FAQs for Presenters and Attendees


We’ve had questions from several presenters about the details of the conference, so we asked conference organizer Afanasy Gnedovsky of ICOM-Russia to help us develop this FAQ.  If you have more questions, please ask in the comments below and we’ll find out the answers as we can.  Of course, don’t forget to check out the conference website as more information is added on a regular basis.   Thanks Afanasy!

How long should my presentation be?

  • All speakers in the section parts of the conference will each have 25 minutes. You could choose whatever format works best for you– 15 min + 10 min for discussion or 20 min + 5 min for discussion.  But people will have questions so please leave some time for discussion.

If I want to use Powerpoint, Prezi or other media in my presentation, can I?  How and where should it be submitted in advance?  How far in advance?  Can you use materials in Mac formats?

  • Yes of course, you can use ppt. We ask all speakers to send their presentation in advance; the deadline is 25th of August. Please send your material (I use this word, because that could be not only ppt, but also a film or audio file, or pdf or something else). You could send us in any mac format, we will change it into ppt. You could send your presentation to: [email protected] and [email protected].   If your presentation is to large to email, please use a file sharing system such as Dropbox.

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Weekly News Roundup: June 23, 2014

whc2014_qhapaq_nan_bolivia06UNESCO’s World Heritage Committee inscribes new cultural and natural sites to the World Heritage List including the six-nation nomination in South America, the Qhapac Ñan, Andean Road System; Bolgar Historical and Archaeological Complex, (Russia);  Decorated Cave of Pont d’Arc, known as Grotte Chauvet-Pont d’Arc, Ardeche (France); Pergamon and its Multi-Layered Cultural Landscape (Turkey); and Myanmar’s first entry to the list, Pyu Ancient Cities. Sites on the list now number over 100.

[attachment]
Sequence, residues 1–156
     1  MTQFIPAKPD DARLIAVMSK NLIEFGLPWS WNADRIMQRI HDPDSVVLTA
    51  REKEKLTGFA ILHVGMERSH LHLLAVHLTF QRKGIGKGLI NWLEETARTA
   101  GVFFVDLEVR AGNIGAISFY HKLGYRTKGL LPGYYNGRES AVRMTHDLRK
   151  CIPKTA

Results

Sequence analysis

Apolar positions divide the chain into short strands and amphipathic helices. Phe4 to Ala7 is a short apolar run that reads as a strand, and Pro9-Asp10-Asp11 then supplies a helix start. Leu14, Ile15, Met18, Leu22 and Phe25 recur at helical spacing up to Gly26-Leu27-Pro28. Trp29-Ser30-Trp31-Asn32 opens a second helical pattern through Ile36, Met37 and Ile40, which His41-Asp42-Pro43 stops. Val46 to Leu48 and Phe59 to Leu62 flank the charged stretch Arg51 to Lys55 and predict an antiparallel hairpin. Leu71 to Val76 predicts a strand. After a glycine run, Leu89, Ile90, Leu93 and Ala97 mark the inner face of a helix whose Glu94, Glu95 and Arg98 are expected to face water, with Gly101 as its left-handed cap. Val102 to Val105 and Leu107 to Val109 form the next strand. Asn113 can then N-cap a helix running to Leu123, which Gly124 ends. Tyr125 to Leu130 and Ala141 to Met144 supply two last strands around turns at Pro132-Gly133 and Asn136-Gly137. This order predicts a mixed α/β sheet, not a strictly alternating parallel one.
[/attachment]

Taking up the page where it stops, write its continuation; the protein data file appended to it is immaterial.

Are science museums skittish about climate change?  Does it depend on where their financial support comes from?

What does 3D printing mean for the future of contested artifacts?

Italy does away with the free entrance for EU citizens over 65 and introduces more flexible opening times. Moreover, the government wants more private companies to take care of Italy’s art and promises tax breaks for patrons.

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Weekly News Roundup: June 16, 2014

Mini plastic men and a woman standing on piles of money

With an ongoing imbalance at museum director level and discrepancies in pay, gender issues deserve more mind space.  

Protestors invade British Museum, with Viking boat, to protest BP’s sponsorship of Viking exhibit.

Cabinet of Curiosities (How Disability Was Kept in a Box) a new exhibit by artist Matt Fraser draws UK archives and museums to take a look at a long-ignored topic.

Izolyatsia, a cultural center in Donetsk, Ukraine, was directly targeted and taken over at gunpoint by the “Donetsk People’s Republic,”  endangering contemporary art installations, buildings, staff and free expression.

United States government considers LGBT historic sites for designation.

On June 13-14, the UnStraight Museum Conference in the UK was held.  Videos from presentations are here.

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Money, Market, or Mission? Museums in a Changing World

ethicsGuest blogger Sally Yerkovich is director of the Institute of Museum Ethics, founded at Seton Hall University in 2007.  The Institute promotes accountability, responsibility, and sustainability in museums by:convening conversations about critical ethical issues facing museums today, and creating a physical and virtual community of emerging and practicing museum professionals and museum studies faculty who can use our resources to make informed decisions about ethical matters.  This post is the first in our series of posts from accepted Museums and Politics conference speakers.  Sally will be speaking on “Is there a Future for Museum Ethics?”  and, as you’ll see, there’s much to ponder. We’re particularly interested in hearing perspectives from around the world. Please share your comments!

Since its inception, the Institute has hosted three international conferences and a number of lectures.  It has also generated courses on museum ethics and cultural heritage, initiated dialogues about contemporary ethical issues for museums through its website and listserv, and collaborated with the Center for the Future of Museums of the American Association of Museums on a nationwide forecasting exercise on future ethical issues.